Monday 31 December 2012

366. The Book Whisperer: Awakening the Inner Reader in Every Child by Donalyn Miller

The Book Whisperer: Awakening the Inner Reader in Every Child by Donalyn Miller
Published February 2009 John Wiley

From the publisher:
Donalyn Miller says she has yet to meet a child she couldn't turn into a reader. No matter how far behind Miller's students might be when they reach her 6th grade classroom, they end up reading an average of 40 to 50 books a year. Miller's unconventional approach dispenses with drills and worksheets that make reading a chore. Instead, she helps students navigate the world of literature and gives them time to read books they pick out themselves. Her love of books and teaching is both infectious and inspiring. The book includes a dynamite list of recommended "kid lit" that helps parents and teachers find the books that students really like to read.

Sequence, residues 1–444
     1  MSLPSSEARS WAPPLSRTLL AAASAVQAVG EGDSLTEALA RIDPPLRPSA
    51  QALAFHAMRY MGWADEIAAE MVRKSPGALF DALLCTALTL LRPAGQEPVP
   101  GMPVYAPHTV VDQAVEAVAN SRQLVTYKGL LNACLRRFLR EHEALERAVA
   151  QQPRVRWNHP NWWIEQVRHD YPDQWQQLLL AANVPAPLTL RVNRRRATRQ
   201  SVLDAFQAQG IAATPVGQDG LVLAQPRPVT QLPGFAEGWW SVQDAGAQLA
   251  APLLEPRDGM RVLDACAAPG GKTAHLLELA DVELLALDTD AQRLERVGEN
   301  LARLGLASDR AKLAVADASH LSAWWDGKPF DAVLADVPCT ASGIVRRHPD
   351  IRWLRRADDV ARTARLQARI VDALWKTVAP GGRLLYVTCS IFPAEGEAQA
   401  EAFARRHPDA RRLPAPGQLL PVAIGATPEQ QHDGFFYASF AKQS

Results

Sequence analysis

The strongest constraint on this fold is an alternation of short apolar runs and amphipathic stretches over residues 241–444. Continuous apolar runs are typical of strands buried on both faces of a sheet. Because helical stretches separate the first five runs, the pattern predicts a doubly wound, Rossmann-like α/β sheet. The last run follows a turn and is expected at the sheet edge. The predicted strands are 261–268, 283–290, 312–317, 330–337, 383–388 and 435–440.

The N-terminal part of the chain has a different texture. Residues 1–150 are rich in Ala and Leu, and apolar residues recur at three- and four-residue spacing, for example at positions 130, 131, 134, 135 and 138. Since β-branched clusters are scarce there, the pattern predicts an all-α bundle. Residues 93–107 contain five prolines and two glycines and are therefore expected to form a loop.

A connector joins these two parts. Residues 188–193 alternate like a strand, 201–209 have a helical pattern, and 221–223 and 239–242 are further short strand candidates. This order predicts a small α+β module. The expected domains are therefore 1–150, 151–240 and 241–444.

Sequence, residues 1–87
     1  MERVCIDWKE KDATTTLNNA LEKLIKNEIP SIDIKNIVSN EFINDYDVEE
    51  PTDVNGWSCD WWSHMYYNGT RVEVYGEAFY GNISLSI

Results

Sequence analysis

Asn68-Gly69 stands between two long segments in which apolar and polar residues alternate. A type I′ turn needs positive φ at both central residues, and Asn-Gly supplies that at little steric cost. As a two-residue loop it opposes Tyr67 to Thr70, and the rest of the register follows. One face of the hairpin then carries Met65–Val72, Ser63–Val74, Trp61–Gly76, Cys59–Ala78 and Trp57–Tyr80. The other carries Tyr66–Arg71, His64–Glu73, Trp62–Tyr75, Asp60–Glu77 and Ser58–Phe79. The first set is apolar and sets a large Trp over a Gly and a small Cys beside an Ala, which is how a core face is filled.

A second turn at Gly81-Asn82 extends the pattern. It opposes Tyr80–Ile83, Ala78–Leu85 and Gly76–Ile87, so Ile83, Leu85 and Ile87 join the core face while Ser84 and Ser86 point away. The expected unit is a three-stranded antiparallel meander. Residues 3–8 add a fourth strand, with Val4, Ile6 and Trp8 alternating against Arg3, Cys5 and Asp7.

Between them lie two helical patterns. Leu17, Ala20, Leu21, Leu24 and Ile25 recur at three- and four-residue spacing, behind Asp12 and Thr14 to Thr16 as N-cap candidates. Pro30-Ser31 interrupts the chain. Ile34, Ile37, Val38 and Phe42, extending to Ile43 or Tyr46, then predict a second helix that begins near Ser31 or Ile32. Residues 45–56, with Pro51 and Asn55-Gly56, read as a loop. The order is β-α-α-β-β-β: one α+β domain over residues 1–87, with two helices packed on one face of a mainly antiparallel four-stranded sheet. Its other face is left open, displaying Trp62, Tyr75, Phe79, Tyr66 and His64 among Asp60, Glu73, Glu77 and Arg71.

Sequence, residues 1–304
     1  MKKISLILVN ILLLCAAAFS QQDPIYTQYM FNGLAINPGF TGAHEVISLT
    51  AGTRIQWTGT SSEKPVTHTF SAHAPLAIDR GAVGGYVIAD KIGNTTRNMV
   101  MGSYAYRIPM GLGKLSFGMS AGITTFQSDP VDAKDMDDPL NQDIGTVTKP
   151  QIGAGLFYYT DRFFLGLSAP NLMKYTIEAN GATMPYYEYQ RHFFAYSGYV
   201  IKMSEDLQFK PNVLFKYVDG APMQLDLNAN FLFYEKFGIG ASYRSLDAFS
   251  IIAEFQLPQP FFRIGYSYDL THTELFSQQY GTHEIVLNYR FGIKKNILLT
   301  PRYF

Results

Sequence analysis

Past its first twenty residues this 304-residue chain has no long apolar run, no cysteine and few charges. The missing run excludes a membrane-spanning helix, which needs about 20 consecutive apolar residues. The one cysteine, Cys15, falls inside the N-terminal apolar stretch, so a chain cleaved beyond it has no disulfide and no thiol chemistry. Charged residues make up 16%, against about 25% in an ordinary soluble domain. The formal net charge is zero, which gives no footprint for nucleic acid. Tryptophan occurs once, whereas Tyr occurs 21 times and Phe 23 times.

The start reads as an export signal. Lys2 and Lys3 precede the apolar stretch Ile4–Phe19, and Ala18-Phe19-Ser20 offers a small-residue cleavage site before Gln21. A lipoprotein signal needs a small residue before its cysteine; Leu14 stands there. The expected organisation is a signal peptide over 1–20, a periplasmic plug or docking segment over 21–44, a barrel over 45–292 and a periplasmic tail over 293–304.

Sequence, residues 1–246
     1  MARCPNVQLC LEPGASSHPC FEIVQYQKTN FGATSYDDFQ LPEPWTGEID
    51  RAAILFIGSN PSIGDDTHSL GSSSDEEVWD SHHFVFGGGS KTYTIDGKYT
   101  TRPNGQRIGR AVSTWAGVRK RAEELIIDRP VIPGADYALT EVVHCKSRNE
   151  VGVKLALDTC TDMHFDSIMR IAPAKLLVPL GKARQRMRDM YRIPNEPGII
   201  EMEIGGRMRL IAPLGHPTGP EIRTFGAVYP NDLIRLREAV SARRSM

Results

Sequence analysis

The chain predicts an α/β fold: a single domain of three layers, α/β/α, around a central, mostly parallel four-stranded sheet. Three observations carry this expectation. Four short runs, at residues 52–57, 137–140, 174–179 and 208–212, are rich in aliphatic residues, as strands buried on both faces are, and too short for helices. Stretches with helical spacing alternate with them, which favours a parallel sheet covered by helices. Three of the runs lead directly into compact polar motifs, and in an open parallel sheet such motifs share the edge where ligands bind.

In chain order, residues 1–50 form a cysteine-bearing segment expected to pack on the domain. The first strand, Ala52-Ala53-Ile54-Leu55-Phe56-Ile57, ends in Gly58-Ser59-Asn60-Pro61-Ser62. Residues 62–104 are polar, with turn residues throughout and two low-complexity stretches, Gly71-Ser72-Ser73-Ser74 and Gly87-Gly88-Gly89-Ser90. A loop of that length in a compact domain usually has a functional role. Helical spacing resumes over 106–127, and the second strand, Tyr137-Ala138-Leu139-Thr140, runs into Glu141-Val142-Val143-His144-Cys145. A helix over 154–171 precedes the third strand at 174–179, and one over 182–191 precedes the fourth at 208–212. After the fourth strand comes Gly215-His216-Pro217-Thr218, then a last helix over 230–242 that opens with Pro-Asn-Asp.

All bets are off for book number 366.  It’s not a children’s book, and it’s not new, it was published in 2009.  I have included it because a friend of mine mentioned it, she’s a school librarian, and it sounded like the book that everyone who has anything to do with children and books should read.  As I was reading this book, I did think there was no way I could include it, mainly for the fact that I knew I wouldn't know where to stop when it came to raving about it, so I apologise in advance for that, and I really did try to only highlight the parts that jumped out at me.